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Kesava Pillay Vs. Kannusamy Pillay and ors. - Court Judgment

LegalCrystal Citation
SubjectProperty
CourtChennai
Decided On
Reported in(1905)15MLJ30
AppellantKesava Pillay
RespondentKannusamy Pillay and ors.
Cases ReferredSee Amirdam v. Muthukumara Chetty
Excerpt:
- .....the same is the case; for the reference to 1 acre and 70 cents with the registry standing in the name of the temple coupled also with the reference to trees on puramboke lands as registered in the name of the temple leave no doubt on the matter, it being undisputed that the temple has no endowments of this sort elsewhere. in any view the refusal to register the document as to the 27 acres and 75 cents was wrong inasmuch as with reference to that property there was no objection on the score of insufficient description. see amirdam v. muthukumara chetty 13 m.l.j.r. 303.3. we must, therefore, allow the appeal, set aside the orders refusing registration and direct the registrar to accept the instrument and cause the same to be registered.4. the respondent will pay the appellant's costs.....
Judgment:

1. In our opinion item No 6 of the schedule with reference to which registration of the whole document has been refused, purports only to transfer the right of management of the temple therein mentioned and the reference to the endowments of the temple is incidental to the right purporting to be transferred We are not concerned with the question of the validity of this part of the transaction. The question is whether it is a transfer 'relating to immoveable property' and if so, whether the description is 'sufficient to identify the property'. There can be no doubt that the right of a manager of a Hindu temple, even though such management involves the holding of improvable property forming part of the endowments of the temple, is not immoveable property within the meaning of the Registration Act. The incident of reference in the instrument, to the endowments stated above, cannot alter the character of the transfer. In this view no question as to the sufficiency of the description arises. Even assuming it were otherwise, the description must be held to be quite sufficient.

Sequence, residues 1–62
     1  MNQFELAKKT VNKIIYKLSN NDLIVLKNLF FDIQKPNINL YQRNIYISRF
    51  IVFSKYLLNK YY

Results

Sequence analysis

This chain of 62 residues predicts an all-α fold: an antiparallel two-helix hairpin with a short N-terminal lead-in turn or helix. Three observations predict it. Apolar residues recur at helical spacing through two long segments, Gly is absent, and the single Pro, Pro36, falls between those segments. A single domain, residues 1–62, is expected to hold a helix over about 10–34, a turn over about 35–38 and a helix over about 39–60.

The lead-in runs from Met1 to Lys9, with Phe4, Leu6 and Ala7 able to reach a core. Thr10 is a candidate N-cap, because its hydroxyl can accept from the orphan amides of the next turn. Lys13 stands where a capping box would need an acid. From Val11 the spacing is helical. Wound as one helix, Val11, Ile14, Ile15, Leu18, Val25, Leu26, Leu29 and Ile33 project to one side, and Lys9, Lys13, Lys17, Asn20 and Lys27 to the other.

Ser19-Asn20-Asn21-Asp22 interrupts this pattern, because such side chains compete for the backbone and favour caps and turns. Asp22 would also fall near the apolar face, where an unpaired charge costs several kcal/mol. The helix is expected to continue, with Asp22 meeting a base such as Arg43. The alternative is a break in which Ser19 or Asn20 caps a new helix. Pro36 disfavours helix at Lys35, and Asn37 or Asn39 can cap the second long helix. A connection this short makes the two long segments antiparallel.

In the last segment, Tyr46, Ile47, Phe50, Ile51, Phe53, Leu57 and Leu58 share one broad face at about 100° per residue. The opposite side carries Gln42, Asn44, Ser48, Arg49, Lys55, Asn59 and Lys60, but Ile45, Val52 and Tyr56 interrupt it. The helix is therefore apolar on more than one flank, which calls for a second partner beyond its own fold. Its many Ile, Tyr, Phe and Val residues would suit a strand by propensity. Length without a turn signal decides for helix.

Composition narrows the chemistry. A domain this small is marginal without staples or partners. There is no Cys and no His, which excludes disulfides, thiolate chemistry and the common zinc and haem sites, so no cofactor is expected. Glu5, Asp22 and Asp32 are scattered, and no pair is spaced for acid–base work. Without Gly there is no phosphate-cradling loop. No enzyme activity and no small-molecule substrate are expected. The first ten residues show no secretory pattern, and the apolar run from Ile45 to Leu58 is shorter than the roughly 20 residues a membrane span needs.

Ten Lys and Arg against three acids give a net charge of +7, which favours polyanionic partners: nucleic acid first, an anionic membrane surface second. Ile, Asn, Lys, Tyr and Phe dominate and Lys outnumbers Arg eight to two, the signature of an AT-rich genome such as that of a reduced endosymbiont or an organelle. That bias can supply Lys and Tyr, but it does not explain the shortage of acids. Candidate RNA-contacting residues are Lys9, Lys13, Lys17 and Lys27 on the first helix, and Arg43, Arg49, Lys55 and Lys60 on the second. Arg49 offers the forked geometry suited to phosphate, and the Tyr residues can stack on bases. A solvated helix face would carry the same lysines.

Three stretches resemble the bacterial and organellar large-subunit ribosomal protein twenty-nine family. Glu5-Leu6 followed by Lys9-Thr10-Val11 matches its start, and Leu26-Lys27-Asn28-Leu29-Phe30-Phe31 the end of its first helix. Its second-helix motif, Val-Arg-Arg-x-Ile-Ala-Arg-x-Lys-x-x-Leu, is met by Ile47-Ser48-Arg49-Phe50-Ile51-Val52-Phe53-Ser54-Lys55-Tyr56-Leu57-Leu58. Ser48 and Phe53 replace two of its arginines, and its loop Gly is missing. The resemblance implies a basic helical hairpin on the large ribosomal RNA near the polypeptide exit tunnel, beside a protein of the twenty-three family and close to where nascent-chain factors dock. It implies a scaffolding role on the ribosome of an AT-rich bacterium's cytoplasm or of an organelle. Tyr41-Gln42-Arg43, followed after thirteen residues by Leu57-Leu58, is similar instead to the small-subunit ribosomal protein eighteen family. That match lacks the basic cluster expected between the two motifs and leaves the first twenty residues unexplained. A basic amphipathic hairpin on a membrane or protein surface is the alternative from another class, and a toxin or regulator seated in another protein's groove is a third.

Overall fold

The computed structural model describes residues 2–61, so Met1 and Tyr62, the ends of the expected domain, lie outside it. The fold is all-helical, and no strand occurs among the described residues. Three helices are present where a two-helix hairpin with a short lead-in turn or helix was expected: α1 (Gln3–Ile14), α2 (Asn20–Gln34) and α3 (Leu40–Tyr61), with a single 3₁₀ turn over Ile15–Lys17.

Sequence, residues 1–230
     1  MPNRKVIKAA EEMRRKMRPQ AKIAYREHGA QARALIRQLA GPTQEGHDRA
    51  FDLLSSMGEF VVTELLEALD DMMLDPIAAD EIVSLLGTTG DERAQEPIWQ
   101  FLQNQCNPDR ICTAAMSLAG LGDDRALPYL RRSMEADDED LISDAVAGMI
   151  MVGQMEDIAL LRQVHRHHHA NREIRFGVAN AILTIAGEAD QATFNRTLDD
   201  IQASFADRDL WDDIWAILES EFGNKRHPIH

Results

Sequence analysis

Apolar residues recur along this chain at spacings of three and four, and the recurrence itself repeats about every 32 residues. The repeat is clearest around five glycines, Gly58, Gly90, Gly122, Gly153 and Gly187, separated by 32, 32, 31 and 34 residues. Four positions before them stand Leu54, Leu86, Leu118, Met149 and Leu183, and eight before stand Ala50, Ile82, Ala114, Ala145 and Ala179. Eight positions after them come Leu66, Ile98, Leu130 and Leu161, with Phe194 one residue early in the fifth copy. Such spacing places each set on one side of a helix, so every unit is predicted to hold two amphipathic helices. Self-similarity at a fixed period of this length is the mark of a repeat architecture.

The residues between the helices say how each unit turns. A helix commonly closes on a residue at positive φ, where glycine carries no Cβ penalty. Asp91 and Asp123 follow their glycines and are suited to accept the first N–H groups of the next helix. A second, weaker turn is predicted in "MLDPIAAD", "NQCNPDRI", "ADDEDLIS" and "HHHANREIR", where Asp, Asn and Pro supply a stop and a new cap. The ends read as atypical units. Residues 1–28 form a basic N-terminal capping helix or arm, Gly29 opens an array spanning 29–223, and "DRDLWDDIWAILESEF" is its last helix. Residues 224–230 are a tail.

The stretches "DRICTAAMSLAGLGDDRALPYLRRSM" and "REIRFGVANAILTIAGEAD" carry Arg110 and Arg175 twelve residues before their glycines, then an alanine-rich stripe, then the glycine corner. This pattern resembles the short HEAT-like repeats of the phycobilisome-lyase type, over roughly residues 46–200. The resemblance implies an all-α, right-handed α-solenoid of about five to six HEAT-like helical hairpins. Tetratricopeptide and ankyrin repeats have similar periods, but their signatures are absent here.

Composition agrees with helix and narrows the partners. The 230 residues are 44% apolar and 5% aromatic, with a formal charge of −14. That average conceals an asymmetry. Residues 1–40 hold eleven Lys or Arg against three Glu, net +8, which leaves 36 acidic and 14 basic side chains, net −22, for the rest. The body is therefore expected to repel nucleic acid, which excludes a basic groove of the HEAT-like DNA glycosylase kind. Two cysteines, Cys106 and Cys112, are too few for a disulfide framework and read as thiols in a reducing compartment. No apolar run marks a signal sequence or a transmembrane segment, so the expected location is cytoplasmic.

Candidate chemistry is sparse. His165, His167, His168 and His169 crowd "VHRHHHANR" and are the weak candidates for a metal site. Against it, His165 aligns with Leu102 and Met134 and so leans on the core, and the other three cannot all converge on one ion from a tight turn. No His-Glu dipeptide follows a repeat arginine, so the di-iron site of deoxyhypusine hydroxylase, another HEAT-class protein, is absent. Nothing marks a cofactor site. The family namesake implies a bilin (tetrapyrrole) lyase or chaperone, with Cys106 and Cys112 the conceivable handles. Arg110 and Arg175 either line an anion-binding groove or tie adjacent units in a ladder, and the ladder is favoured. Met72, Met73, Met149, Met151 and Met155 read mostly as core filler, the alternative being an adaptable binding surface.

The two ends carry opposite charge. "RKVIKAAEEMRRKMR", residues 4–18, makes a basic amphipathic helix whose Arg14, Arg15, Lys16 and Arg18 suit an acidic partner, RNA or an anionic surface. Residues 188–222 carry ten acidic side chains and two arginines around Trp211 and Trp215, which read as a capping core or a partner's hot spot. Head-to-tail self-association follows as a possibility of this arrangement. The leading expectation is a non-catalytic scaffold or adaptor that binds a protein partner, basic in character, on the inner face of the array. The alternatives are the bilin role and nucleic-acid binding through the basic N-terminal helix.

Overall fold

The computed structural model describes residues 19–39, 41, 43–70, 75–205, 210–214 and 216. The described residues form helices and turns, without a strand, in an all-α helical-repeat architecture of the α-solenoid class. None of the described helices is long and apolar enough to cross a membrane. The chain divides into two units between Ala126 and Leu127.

2. In so far as the institution is concerned, its name and situation are given; and no doubt as to the identity thereof can possibly exist. As to the endowments also the same is the case; for the reference to 1 acre and 70 cents with the registry standing in the name of the temple coupled also with the reference to trees on Puramboke lands as registered in the name of the temple leave no doubt on the matter, it being undisputed that the Temple has no endowments of this sort elsewhere. In any view the refusal to register the document as to the 27 acres and 75 cents was wrong inasmuch as with reference to that property there was no objection on the score of insufficient description. See Amirdam v. Muthukumara Chetty 13 M.L.J.R. 303.

3. We must, therefore, allow the appeal, set aside the orders refusing registration and direct the Registrar to accept the instrument and cause the same to be registered.

4. The respondent will pay the appellant's costs throughout.


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